For all new members, please check out the thread New to the Forum? What to do and forum guidelines.
Question about Ian Dunbar's approach on Potty Training
  • I did a search but didn't find anything related to these specific questions.

    I notice a lot of people on here are dead against puppy pads and anything encouraging indoor elimination. Dunbar suggests a litter tray. How did you avoid the puppy soiling the crate without a litter tray, at times when he might be left alone for periods of time when you can't release him every hour, such as going to work or during the night etc. I am all for not having a litter tray, I really want him to be able to only soil in the garden. He will have to start coping with us being at work 3 (on occasion 4) days a week starting from when he's nearly 12 weeks old. We're planning on having someone (puppy sitter and sometimes myself) to come in twice a day at first so that every 2.5 hours or so someone comes to let him out.

    Also, I sort of get the long / short term confinement thing but we were planning to use the playpen for when we're occupied with things like cooking / eating dinner etc. Dunbar suggests using the crate for that then playpen and litter tray for when you're going to be out. I don't think the playpen will contain the puppy after a couple of weeks of having him, especially as Shibas are escape artists. We were going to use the crate for when he's home alone (it's much bigger than the ones shown in the book) and playpen for when we're home when we can't directly supervise him. Is this a decent trade off?

    I do like the chew toy thing though, but what do you do if the puppy isn't particularly interested in a stuffed kong?

    I guess what it all comes down to is your own interpretation of advice such as this. However, if you change it you might not know if you're going to make things worse for yourself, especially as a first time puppy owner!

    [mod edit: changed title to correspond with discussion]

    Post edited by sunyata at 2013-12-09 12:04:06
  • amtiamti
    Posts: 1066
    I've never read Dunbar (bad, huh?) so I can't comment on his methods. If your pup doesn't like the Kong, then try another chew toy. Mine don't care for the Kong unless there is something inside it. Otherwise, it sits at the bottom on the toybox. Cow hooves have been a consistant hit with all three dogs, and they always seem to go back to them when they want something to chew on. They are hardy, last a long time, cheap, don't damage teeth, but stinky. Some people say their dogs like Nylabones, but I've had zero luck with those too.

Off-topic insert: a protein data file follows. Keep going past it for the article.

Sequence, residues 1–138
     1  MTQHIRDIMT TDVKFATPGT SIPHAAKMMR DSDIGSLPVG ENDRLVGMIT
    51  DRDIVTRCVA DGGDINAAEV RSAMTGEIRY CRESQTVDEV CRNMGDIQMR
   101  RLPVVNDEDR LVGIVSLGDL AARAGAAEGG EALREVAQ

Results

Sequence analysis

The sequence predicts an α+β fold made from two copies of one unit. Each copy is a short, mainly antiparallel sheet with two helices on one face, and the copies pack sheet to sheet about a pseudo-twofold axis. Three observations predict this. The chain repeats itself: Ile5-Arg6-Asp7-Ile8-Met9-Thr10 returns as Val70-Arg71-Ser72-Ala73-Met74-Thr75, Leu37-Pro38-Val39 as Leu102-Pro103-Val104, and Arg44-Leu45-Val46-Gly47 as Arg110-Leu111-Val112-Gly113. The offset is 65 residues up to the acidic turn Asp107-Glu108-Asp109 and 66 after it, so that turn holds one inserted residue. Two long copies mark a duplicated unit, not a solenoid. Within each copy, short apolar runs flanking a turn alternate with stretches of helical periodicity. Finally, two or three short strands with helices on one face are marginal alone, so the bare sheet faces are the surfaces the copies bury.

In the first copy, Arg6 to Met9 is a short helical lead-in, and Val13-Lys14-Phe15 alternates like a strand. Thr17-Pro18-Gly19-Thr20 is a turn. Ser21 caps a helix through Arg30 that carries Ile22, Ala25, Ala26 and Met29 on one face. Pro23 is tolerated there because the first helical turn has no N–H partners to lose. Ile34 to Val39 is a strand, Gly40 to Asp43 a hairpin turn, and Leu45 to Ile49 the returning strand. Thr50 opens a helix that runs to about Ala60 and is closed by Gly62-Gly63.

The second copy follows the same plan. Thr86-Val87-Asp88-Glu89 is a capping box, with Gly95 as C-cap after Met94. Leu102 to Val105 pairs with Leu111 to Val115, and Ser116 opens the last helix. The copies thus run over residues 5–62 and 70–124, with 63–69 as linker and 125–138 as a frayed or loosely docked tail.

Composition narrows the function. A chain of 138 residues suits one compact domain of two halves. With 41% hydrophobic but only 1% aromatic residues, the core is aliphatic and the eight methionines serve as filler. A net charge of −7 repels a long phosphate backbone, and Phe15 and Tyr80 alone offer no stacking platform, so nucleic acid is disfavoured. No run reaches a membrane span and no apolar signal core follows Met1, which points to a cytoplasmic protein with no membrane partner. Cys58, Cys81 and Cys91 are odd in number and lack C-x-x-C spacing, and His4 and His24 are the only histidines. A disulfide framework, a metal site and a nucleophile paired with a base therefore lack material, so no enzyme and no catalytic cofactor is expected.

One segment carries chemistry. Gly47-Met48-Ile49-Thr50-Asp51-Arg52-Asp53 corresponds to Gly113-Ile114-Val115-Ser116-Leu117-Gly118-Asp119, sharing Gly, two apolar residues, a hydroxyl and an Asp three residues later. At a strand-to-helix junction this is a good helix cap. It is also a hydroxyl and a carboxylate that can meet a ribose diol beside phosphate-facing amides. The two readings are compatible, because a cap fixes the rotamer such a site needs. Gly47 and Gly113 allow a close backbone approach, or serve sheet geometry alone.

• Usually a puppy won't soil the crate if it is small. That's why the crate is useful at night (they also usually won't go overnight,but often wake up quite early!) or if you've left them in the crate for a few hours. A 12 week old puppy should be able to hold it 4 hours or so, so the crate would help encourage that, if all is normal and if the crate is not so big that they have space to pee and then get out of it. If you have a large crate, and it sounds like you do, you'll need to block part of the crate off so it is small at first, because the idea is to keep the crate small enough that pup won't want to soil it (ie there is not room to get away from it if they do). You can expand the crate size as the dog grows, and when pup is reliably not soiling the crate

    With most of my dogs, the crate has worked fine--they haven't wanted to soil it. I suspect, however, the reason Dunbar suggests playpen + tray or pad is that some puppies WILL soil the crate, and then you've got soiled crate plus wet dirty puppy when you get home, and the playpen gives them a space to go if they need to and get out of it. I've never had a puppy that would soil a crate til now (I have an Akita puppy) so now I understand the need for the other way of doing this--she'll just go in the crate if she has to go.